"It took us an hour and a half in those days to drive just from Rhododendron to Government Camp"
"How's the road?" That was the question that was most frequently asked of us who drove the motor stages over the old road to Mount Hood. It was a question that had to be answered differently to different people. If it were asked by an "oldtimer" who knew the road well, the answer was a simple "good" or "bad." If the questioner was a stranger, one had to find out what he considered a "bad" road to be. If he were a person used to mud and dust, corduroy and plank, bumps, sand and rocks, with trees here and there that nudged in close to the ruts, it was easy to give him an idea of the conditions that prevailed for the particular day. If he were not used to such things, it was far wiser to change the subject, else you might lose a passenger before ever getting started."
This is how Ivan M. Woolley describes driving to Mount Hood from Portland. His first road trip from Portland to Mount Hood was with Bert Higley in his 1909 Peerless. The followin year, during summer breaks from college, Mr. Woolley's acquired a job as a driver for a commercial car service. In those days, most visitors would not drive their own vehicle on this somewhat sketchy road; they hired a driver. And only the adventurous even made their way to the mountain. It could be a multi-day trip, with the first day's drive from Portland to Sandy and the 2nd day's drive ending in Welches. The most difficult part of the drive was to Government Camp where the road ended.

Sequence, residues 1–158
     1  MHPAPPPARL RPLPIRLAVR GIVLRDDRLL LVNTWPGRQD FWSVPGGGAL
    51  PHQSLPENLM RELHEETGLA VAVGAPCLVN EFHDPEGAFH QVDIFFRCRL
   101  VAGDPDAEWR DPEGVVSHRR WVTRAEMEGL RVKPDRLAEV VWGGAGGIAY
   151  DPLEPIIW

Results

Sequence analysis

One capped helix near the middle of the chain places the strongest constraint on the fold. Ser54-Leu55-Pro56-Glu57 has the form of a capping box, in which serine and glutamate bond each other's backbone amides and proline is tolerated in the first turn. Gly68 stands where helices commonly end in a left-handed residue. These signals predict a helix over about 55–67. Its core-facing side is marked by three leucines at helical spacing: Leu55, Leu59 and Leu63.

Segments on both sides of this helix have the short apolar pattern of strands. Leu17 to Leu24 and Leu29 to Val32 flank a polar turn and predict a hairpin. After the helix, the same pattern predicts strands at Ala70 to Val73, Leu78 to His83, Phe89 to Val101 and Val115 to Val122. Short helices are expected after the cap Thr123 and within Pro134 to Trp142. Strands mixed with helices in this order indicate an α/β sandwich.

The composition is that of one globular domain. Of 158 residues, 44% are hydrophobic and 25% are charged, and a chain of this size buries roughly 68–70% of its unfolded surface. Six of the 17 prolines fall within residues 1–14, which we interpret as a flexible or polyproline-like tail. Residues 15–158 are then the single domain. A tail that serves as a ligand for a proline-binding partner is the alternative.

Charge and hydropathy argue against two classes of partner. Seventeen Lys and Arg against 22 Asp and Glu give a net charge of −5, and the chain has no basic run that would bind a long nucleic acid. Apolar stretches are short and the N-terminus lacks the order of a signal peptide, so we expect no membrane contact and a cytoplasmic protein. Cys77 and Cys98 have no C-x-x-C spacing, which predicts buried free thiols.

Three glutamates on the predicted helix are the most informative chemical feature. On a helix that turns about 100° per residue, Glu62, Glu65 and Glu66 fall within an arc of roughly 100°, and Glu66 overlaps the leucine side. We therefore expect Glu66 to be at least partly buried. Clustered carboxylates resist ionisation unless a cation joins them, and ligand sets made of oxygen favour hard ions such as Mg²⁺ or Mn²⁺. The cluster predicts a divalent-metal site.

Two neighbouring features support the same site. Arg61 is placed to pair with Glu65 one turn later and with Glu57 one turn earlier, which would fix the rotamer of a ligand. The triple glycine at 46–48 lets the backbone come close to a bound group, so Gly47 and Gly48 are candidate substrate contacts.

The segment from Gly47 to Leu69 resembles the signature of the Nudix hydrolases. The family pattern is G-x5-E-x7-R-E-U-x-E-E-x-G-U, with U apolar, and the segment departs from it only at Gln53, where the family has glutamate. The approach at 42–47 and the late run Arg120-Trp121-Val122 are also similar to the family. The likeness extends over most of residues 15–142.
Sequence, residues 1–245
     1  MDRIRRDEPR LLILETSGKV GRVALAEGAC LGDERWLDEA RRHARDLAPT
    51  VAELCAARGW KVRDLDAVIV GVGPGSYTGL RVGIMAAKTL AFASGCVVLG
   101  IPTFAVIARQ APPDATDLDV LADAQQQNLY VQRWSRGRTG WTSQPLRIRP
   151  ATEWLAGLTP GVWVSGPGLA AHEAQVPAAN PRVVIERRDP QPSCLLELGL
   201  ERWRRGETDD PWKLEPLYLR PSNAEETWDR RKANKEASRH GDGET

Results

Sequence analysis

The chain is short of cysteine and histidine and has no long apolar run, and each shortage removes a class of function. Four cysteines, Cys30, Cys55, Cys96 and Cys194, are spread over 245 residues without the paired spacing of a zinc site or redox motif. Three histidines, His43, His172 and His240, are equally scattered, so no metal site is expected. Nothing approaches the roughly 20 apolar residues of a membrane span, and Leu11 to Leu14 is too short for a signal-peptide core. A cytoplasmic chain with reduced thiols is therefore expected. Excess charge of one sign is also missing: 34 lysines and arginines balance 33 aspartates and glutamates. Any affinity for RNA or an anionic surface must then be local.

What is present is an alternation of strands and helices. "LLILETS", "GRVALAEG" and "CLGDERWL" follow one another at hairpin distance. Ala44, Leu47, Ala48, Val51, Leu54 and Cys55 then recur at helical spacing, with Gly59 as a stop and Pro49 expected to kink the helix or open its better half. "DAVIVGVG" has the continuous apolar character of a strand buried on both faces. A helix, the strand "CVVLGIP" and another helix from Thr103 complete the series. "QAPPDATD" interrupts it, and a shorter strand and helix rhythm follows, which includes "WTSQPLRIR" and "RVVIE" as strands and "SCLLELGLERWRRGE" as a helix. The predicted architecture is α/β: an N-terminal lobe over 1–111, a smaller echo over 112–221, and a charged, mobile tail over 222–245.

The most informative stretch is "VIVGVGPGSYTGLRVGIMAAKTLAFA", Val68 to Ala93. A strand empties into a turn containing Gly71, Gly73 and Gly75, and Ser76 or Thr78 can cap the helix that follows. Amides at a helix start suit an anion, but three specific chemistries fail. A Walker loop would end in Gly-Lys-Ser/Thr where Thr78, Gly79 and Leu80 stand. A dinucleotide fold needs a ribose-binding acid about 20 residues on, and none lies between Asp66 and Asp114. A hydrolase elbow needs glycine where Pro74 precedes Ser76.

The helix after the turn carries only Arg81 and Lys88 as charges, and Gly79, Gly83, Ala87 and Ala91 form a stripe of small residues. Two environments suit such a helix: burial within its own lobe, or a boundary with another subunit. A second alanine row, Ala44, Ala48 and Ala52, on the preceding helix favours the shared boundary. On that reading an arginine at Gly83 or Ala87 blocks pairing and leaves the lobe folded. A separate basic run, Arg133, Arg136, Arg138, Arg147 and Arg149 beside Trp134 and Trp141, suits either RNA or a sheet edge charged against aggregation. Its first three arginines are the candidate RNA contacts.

"Horseless Carriages" such as those seen in this August 1915 photograph will return to Government Camp on July 28, 2011 when the Horseless Carriage Club of America tours
Mount Hood and Timberline Lodge. Over 100 pre-1915 Horseless Carriages will travel a
portion of the Loop Highway proposed in 1915 and constructed in 1922. The drivers in
this photograph were promoting construction of the Mount Hood Loop Highway.
To learn more of the history of the history of driving to Mount Hood, you can read Ivan M. Woolley's book, Off to Mt. Hood, written in 1959, in full online. The online version is scanned from the original book including several photos of early "horseless carriages" making their way along the Mt. Hood Highway during the early 20th century.
For more information about the history of Mount Hood, you can also visit: mounthoodhistory.com online or tour The Mt Hood Cultural Center and Museum in Government Camp, Oregon.